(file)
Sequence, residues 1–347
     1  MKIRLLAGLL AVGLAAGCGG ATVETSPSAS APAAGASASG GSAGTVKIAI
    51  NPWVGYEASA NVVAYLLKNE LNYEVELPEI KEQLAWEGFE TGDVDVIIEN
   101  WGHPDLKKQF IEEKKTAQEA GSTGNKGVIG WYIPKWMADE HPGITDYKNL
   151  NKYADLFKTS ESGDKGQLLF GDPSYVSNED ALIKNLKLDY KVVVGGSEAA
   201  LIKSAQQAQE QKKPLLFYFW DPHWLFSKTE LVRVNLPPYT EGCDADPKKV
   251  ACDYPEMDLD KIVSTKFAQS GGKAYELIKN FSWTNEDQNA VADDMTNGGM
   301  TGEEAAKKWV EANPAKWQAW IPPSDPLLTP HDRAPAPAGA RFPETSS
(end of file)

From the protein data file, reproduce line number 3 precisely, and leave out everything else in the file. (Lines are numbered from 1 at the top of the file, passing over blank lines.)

    51  NPWVGYEASA NVVAYLLKNE LNYEVELPEI KEQLAWEGFE TGDVDVIIEN